Autumn is rapidly approaching. So rapidly, in fact, that it arrives tonight! Here on this little farm (in Eastern Daylight Time) we will officially transition from summer to autumn at 11:09 pm.
What this means is that the sun is exactly over the equator at 3:09 am, Universal Time, and today the daytime and the nighttime will be as equal as they get.
Which means that from now on our nights will start getting longer.
And days will get shorter.
And summer is officially over...
Which means that my very most favorite thing about summer, fresh tomatoes, will soon be gone.
If I wrote an encyclopedia, I'd put a picture of a fresh tomato under the entry about "summer." Sure, I like feeling that warm sun on my cheeks, the smell of fresh cut grass, the bright colors of summer flowers, and that deliciously long daylight, making for romantic late night sunsets. But tomatoes define summer for me.
Are you like me? Do you gobble up as many fresh tomatoes as you can fit into your meals throughout the summer? Tomato salads, fresh tomato salsa, tomato omelets, pasta tossed with chopped tomato, tomato sandwiches, and just plain old sliced tomatoes on a plate? Oh, and don't forget just standing in the garden picking cherry tomatoes and popping them right into your mouth... certainly I'm not the only one...
Although there's nothing like the taste and texture of a fresh vine ripened tomato, many of us try to save that summer bounty by preserving them. I put up as many canned tomatoes, salsas, sauces, and tomato based soups as I can. Any time I pop the lid off a jar of plain old home canned tomatoes and smell that tomato goodness I announce, "That smells like summer to me."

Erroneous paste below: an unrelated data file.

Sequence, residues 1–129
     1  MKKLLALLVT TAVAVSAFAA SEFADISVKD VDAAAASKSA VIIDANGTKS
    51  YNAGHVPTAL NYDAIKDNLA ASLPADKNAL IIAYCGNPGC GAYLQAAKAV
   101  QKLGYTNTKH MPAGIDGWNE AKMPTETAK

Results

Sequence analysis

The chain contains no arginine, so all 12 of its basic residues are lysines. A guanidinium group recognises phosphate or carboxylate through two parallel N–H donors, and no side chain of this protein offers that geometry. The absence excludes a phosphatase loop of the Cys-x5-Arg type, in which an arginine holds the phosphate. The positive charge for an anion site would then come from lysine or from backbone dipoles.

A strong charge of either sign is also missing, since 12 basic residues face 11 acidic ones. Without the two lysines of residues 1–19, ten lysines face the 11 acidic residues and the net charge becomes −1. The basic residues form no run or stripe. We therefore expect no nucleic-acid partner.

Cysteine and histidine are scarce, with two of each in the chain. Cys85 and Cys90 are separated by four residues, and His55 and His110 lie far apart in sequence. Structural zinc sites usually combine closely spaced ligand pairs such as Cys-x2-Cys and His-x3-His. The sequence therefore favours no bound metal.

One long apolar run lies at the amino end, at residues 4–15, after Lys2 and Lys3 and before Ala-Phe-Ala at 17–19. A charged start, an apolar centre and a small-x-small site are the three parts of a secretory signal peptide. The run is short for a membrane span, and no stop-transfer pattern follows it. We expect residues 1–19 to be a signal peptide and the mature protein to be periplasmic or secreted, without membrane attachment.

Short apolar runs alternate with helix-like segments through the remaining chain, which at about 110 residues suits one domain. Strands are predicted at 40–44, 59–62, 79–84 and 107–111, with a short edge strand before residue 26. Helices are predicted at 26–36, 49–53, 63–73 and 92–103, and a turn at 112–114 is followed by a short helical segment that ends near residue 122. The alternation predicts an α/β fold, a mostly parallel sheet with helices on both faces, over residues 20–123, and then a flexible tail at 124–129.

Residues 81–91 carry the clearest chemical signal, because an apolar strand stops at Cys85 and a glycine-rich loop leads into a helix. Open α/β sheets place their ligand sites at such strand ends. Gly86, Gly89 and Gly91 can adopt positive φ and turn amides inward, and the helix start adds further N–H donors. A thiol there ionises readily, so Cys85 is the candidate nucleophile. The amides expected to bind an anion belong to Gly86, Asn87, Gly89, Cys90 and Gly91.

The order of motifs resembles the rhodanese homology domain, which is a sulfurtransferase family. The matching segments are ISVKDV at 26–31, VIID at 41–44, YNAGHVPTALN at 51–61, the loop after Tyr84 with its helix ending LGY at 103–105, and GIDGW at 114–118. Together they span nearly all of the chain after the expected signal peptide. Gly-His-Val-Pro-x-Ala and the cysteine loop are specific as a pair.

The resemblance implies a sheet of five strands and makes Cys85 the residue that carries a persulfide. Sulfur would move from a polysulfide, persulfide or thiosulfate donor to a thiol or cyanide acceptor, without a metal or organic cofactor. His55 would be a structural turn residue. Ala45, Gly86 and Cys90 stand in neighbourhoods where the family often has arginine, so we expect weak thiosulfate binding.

Sometimes I dehydrate tomatoes, too. They take up so little space and they give such a tangy burst of rich tomato flavor!
But something else I like to do is freeze romas. They freeze beautifully! They retain that deep red color. They keep their shape and that nice meatiness. And maybe it's my imagination, but it seems like freezing them intensifies their sweetness.
Frozen romas can be used in soups, stews, and chili. You can throw frozen romas into a the pan when you're baking chicken or pork chops and serve one of those nice baked tomatoes as a simple side. They can be thawed and chopped and added to spaghetti sauce you bought or canned yourself. Or you can serve them with scrambled eggs or in an omelet.
My biggest recommendation is to skin the romas first, before freezing them. I've frozen romas without taking the skins off and I regretted it. Those skins become chewy and bothersome in your mouth and mess up an otherwise fabulous meal.Freezing romas is one of the easiest things to do... here's how I do it:
Pick the prettiest romas that you can find. Drop a few at a time into boiling water for about a minute, until the skins start to crack, and transfer them to the sink filled with ice cold water. Peel off the skins, cut out a little bit of the core (optional) and place them on a baking sheet lined with freezer paper. I try to put as many on the baking sheet as will fit, letting them touch each other as little as possible. Freeze them for several hours, then put them into resealable plastic bags. You might rather vacuum seal them, but I prefer to use resealable freezer bags so that I can remove twos or fews at a time without thawing the whole bag of tomatoes.
If you find some romas at a farmer's market, or if you have some lurking in your garden, you might want to try freezing them. The next time our season changes it will be to that one that begins with a "w." What a joy it will be to pull out a bag of summer goodness from your freezer in the "w_____!